Shut Up Already!

January 10, 2012 by cindy  
Filed under Writing Method

January 10, 2012
You know that as a screenwriter, you will need to put words on the page to tell your story. You may not, however, need to use quite so many of them.

Writer types (myself included) often love basking in the glow from their sparkling, perfectly obscure, amazingly profound WORDS. Their characters say such amazing, impeccably-timed THINGS. They talk, Talk TALK their way through three acts, telling you not just the plot points you need to know, but also how untouchably brilliant the writer behind that masterpiece is.

Not that we don’t love the Sorkins and Codys of the world. But sometimes, it’s nice to give the words a break.

Hmmm, is it obvious that I watched the new silent film The Artist this week?

The Artist uses maybe 20 lines of spoken or written dialogue in its entire 100 minutes. And yet, despite the fact that we don’t hear crackling wit snapping back and forth between the characters, we always know exactly what’s going on, we’re on board with how characters are feeling and we get to delight in the visual medium that film is.

Without so many words, you get to delight in and focus on all the other ways to tell a story: what characters are wearing, their expressions or what artifacts are in their environments. Characters in fact, can often come to life much more when they are not resting on the crutch of words. Actions, in turn, get to be much more definite, clear and decisive when you don’t have someone in the shot narrating what we’re seeing anyway.

My two favorite sequences in one of my favorite movies, Children of Men, also have no dialogue. In fact, most of the third act of that movie is, apart from score and sound effects, silent. If you haven’t seen it, it’s amazingly powerful and nothing any character could say would do those moments justice.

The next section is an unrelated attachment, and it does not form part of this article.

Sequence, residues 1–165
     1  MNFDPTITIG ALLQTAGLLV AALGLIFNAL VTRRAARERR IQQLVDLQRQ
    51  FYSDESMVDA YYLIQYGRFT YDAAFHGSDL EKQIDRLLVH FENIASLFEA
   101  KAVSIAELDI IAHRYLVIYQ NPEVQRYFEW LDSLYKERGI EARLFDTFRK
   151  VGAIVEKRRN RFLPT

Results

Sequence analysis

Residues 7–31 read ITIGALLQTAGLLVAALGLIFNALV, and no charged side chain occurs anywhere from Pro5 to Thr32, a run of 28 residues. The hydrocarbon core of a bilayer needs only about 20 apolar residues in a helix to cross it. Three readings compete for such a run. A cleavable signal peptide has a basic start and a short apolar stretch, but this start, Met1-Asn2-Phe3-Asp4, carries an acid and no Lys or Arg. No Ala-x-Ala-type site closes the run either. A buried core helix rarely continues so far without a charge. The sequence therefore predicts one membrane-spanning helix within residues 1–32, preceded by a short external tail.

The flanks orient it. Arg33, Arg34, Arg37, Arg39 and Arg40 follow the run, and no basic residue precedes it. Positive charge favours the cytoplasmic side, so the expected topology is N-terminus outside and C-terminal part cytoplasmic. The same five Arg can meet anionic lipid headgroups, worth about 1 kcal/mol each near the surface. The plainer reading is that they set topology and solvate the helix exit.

There are so many moments in our own lives that are made powerful not by the clever turn of phrase someone threw together at just the right second, but by what they didn’t say, by what email didn’t come, by who wasn’t at the party, or who was, or the way they just turned away when you showed up and made eye contact. A point, a smile, a frown, a tear, a step away from you, or a subtle scoot toward you, a kiss, a stumble, a something left behind when they thought they had cleaned up all the evidence…these types of things often speak loudly and clearly without using words at all.

Just for fun, try rewriting a scene or two of your latest screenplay without just half the dialogue, or if you’re feeling up to it, no dialogue at all and see how it changes the scene, or the piece entirely.

Thank you for your time this week. In honor of the topic, I’m gonna shut up now.

When your characters say “Let’s go do XYZ” or “we’re going to ____”, you’re going to have some boring dialogue ahead.

September 6, 2011 by cindy  
Filed under Writing Method

When your characters say “Let’s go do XYZ” or “we’re going to ____”, you’re going to have some boring dialogue ahead.